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Discussion Starter #1
Until they have to be put down?
So yesterday i noticed a boarders horse choking and i know that sometimes this can be resolved on its own he had wads of green/brown coming out his nose and mouth. Something didn't feel right so i called the vet - which was over a hour away. And he was still choking when she got here. He got tubed numerous times till he was bleeding out his nose.

But what was happening is he wouldnt swallow the tube so it just kept coming back out his mouth? She tried numerous times and then had him on IV fluids for a few hours since his gums are white , This horse is 27 years old what are the odds of him coming out of it? He hasnt ate since 3pm yesterday , its morning now and he is still choking and gagging my normal vet will be out in about a hour , my other worries are can not eating for so long cause colic or if the impactation passes badly or doesnt at all?
 

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I would be calling the boarder and asking what they wanted done. It sounds like maybe the choke is so impacted in there that the tube couldn't pass. If that's the case then it may take surgery to break it up and remove it and some time with a trach, none of that would end up being inexpensive. Or at 27, the owner might decide to let him go. I would NOT be letting one of mine stand around choking, and at his age would probably opt to let him go.
 

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Discussion Starter #3
Boarder has already been here and making decisions. Her plan is to not put him through surgery. :(
 

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Discussion Starter #5
Oh i dont either. Given his condition and age. Its just sad that if he ends up going its from something as simple as eating hay. At least he has his dignity.
 

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It probably wouldn't be colic that would prove fatal. Instead, there is a good possibility that the horse could aspirate food into the lungs and develop a bad pneumonia, or else if the blockage is in place too long it will restrict circulation to that area of the esophagus and cause tissue death or permanent scarring.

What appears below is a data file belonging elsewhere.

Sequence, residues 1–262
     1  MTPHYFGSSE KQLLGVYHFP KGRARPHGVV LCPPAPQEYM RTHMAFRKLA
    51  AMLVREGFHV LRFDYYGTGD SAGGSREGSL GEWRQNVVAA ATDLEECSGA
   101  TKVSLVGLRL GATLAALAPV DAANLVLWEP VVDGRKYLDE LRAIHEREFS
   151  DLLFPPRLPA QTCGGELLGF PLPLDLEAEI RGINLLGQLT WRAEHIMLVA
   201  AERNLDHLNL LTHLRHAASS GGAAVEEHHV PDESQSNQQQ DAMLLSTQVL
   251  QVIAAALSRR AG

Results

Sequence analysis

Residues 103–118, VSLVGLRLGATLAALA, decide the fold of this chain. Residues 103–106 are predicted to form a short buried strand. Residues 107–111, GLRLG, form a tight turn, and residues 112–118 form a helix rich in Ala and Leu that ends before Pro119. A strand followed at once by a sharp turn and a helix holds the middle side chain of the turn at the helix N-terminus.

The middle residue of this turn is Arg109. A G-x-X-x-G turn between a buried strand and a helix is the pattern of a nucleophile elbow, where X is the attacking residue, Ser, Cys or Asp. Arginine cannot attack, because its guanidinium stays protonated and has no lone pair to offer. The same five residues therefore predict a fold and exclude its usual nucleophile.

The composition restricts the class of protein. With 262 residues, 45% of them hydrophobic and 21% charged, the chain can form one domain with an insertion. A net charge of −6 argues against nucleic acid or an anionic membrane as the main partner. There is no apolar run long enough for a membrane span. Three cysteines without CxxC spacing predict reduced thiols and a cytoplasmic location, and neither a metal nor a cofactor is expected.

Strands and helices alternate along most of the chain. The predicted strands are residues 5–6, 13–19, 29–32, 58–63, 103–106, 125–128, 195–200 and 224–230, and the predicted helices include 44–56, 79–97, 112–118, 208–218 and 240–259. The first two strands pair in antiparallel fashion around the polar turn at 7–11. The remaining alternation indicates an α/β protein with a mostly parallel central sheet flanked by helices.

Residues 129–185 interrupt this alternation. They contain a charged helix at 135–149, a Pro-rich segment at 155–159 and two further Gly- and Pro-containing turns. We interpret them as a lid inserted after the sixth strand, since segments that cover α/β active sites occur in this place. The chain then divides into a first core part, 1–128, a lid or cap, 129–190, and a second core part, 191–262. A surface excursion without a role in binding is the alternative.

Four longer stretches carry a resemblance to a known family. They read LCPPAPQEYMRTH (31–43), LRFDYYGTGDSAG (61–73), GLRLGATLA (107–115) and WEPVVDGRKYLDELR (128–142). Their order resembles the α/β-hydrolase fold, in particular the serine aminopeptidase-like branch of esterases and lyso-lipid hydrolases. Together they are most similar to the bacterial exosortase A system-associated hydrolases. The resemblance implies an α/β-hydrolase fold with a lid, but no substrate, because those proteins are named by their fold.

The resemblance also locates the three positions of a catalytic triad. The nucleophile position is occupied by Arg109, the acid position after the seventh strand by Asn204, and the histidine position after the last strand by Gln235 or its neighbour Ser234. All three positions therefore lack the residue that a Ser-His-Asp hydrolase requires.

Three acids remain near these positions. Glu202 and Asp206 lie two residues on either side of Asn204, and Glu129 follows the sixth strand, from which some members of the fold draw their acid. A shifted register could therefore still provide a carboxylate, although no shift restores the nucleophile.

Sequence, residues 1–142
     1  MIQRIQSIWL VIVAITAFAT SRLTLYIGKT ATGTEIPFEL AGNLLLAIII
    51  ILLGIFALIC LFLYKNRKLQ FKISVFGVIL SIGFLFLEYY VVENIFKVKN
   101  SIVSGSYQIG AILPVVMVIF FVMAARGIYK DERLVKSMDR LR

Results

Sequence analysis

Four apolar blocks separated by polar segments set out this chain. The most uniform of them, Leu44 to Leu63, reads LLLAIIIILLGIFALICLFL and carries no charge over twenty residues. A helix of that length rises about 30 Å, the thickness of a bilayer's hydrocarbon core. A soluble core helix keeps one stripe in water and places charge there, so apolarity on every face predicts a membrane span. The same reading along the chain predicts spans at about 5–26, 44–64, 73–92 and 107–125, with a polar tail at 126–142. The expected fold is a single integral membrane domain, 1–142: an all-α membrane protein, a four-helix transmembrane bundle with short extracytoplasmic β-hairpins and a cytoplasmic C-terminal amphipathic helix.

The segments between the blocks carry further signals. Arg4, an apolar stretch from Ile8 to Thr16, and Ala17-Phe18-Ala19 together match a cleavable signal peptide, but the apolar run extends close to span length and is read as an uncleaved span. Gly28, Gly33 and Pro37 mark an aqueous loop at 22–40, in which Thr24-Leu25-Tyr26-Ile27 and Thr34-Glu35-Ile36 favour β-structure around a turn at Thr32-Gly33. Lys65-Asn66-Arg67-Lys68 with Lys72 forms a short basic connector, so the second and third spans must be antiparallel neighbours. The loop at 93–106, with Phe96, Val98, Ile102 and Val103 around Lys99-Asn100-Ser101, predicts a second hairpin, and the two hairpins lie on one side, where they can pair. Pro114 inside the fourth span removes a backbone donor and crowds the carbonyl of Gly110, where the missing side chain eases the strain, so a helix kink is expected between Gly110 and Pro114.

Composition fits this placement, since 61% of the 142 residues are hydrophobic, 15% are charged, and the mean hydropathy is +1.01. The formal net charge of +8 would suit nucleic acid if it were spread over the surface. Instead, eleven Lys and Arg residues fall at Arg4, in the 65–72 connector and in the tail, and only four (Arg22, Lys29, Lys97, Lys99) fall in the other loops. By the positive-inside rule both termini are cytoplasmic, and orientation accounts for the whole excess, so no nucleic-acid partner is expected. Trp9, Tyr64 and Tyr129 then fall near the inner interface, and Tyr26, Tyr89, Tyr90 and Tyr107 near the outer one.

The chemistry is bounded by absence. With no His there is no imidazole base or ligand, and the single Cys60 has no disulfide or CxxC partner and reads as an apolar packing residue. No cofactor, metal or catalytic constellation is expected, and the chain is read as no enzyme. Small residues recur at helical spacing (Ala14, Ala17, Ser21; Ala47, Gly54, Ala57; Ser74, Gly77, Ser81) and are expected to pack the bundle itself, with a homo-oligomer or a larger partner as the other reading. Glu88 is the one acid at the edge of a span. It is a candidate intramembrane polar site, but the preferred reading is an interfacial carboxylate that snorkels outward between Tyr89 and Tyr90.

I would be very unhappy with a vet leaving a horse with choke. I understand waiting a short amount of time to see if the blockage will pass, but after that a decision has to be made. The vet could recommend trailering the horse to a hospital where an endoscope could be used. The IV fluids were a good idea, but pain medication and other drugs that can help release the spasm are also important. Worst case, the horse needs surgery or else euthanasia.

Edit: Just saw the last posts. It sounds like a good decision for the horse.
 

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Discussion Starter #7
Endoscope , sedation and antibiotics and pain medication were all already used
 

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Discussion Starter #8
Hes gone now , this has been a really sad day for me since ive known this horse since I was born.
Vet did try to tube him a few more times and said he was blocked from his neck to his stomach and that he did have "choke" she thought it was not from food and more likely a tumor or sort internally. Because with "real" choke with food or grain she has never had one that she couldnt fix let alone that had to be put down because of it. I hope we did the right thing and i think trailering him to have surgery would have been unrealistic especially since we all agreed the odds of it being a tumor or cancer were likely due to his declining condition.
 

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The toxin produced by the Clostridial bacterium causes motor paralysis which means that any nerves that function in the movement of the horse can be paralyzed. The signs for botulism in adult horses include:
Difficulty eating, difficulty swallowing, difficulty breathing, food and saliva in the nose, trouble walking, head low to the ground, recumbency, generalized progressive weakness, death

I've copied this from a website because sudden difficulty in swallowing that isn't 'apparently' caused by a blockage can be attributed to botulism poisoning. If there's any chance at all that the horse did eat something contaminated then you should check the feed and hay very carefully and also the pasture
 

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Discussion Starter #12
It was indeed a blockage just not a fixable one. Lastnight when the first vet was here it was visible on the horses throat as she was tubing him. Whether it was a blockage from hay or a tumor is unknown.
 

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What a sad end for the guy, but I think everyone did the right thing in the horse's best interest. It must have been an incredibly difficult decision for the owner to make.
 

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I'm sorry the final decision for the horse is the worst one we have to make whenever we have animals. However in this case, it was the only correct one for the horse at his age and the possibility of it being a tumor or cancer. My thoughts are with all of you who knew this horse.
 

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So sad, however it sounds like he was loved to the end. Hugs*
 
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